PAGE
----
PENDLETON — Walker Hoolehan has succeeded behind his short game thus far in the golf season for Pendleton, but the junior has now tweaked his swing to add distance to the equation. The extra yardage behind his drives and his irons helped Hoolehan to a 77 at the Pendleton Country Club and a third-place finish in the Pendleton Invite on Thursday.
Hoolehan’s 5-over-par score trailed only Hanford’s Eric Dahl and La Grande’s Mavric Goss who tied with a 75 each in first place. The Buckaroo’s long ball was on target all day, but his trusty putter was far from pristine.
“(Thursday), it was just my putting was atrocious. I mean I could have shot way better but I just putted by far the worst I have this season,” Hoolehan said. “Once I get that fixed I’ll be good to go because I’ve finally got my swing fixes going.”
Hoolehan’s low score made up for an off day for Pendleton’s usual No. 1, Pyper McCallum. The sophomore looked off for most of his round, shooting a seven-over 43 on the front 9. He finished with a total 84.
The Bucks took second overall out of the 11 teams at the invitational behind solid outings from Zack Peterson and Easton Powaukee, whose stroke counts ended at 86 and 89 respectively. The team shot a 336 to edge La Grande by a single stroke for silver.
“They all kind of stepped up compared to what we’ve been doing which made it all kind of a team effort,” Pendleton coach Nels Nelson said of his team. “Pyper will rebound from this I’m sure, though.”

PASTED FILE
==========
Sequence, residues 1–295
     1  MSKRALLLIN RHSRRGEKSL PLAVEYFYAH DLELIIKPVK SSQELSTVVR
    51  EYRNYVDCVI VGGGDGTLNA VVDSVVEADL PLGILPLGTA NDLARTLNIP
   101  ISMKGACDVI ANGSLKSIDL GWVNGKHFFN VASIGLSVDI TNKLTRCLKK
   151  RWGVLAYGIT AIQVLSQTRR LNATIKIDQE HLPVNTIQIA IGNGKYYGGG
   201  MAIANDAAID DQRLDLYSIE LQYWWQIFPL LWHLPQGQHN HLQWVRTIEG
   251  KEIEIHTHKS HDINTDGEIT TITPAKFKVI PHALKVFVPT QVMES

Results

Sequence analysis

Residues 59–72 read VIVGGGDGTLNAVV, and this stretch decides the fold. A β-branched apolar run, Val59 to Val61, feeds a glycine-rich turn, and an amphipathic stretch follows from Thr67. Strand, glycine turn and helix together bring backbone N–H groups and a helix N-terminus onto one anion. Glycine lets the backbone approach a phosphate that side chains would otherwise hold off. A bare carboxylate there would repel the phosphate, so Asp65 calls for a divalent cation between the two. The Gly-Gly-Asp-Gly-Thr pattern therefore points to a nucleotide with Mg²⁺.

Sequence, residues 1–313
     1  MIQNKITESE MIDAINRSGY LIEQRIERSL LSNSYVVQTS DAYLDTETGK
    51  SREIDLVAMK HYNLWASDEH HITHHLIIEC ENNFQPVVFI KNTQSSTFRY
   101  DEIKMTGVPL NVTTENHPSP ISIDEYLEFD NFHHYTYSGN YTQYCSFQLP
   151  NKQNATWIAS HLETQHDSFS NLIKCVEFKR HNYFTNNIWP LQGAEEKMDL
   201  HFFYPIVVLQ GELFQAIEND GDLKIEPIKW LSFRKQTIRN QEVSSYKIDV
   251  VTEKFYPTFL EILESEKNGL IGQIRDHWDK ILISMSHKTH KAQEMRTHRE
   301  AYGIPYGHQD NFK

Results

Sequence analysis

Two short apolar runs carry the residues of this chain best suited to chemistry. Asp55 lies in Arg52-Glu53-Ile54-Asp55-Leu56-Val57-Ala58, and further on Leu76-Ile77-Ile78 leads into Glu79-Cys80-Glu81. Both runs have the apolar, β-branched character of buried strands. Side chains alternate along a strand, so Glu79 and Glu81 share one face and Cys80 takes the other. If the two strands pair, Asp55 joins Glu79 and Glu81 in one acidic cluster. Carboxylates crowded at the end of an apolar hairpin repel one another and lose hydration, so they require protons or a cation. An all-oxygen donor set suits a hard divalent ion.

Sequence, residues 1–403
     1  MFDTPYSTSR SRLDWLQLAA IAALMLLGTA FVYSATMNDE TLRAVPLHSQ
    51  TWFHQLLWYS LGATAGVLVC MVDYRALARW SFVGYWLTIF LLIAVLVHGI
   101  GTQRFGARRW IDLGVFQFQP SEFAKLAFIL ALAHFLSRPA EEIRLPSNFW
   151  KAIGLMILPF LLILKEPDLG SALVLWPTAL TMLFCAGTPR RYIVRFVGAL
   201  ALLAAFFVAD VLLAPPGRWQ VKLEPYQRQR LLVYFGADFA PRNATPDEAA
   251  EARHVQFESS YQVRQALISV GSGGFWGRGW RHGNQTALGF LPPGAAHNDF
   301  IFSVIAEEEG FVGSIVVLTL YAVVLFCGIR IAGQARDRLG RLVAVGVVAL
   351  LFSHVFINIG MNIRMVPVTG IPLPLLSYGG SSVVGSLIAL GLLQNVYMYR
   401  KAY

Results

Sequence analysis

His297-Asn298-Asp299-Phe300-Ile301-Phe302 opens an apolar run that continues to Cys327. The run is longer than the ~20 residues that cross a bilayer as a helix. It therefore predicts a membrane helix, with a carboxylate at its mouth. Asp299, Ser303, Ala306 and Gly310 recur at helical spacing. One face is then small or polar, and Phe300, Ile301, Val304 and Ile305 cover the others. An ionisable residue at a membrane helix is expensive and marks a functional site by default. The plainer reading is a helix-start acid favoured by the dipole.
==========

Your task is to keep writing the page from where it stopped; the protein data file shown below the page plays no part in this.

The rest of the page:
The Bucks were a far second to Hanford’s 313 in first place. The Hermiston Bulldogs finished in seventh place and Mac-Hi took 10th.
Hermiston’s No. 1 Keegan Crafton also shot poorly, finishing with a 91, but the Dawgs third golfer Connor Lloyd made up for that with a 79. His score brought him in at sixth place.
Lloyd began his round on hole No. 5 in the shotgun-start formated tournament and there he found a serious confidence booster. A par 5 hole, Lloyd booted his second shot into the deep bunker along the green and hoped just to save par with a two-putt. Instead, he chipped up on the flat and drained a 20-foot putt for birdie.
Not every moment was so shining on a day that swung back and forth on the weather spectrum. In just a matter of three or four holes, golfers were forced to trade out accessories. Sunglasses were pocketed in favor of umbrellas to block the stinging hail and rain, only to shed their jackets moments later.
It made for a wild ride, Lloyd said, especially because he played the entire round without a ball towel.
“I was just trying to keep my glove from being soaked because I lost my towel,” said Lloyd, whose towel dropped off his bag while he was carrying it to his first hole of the round.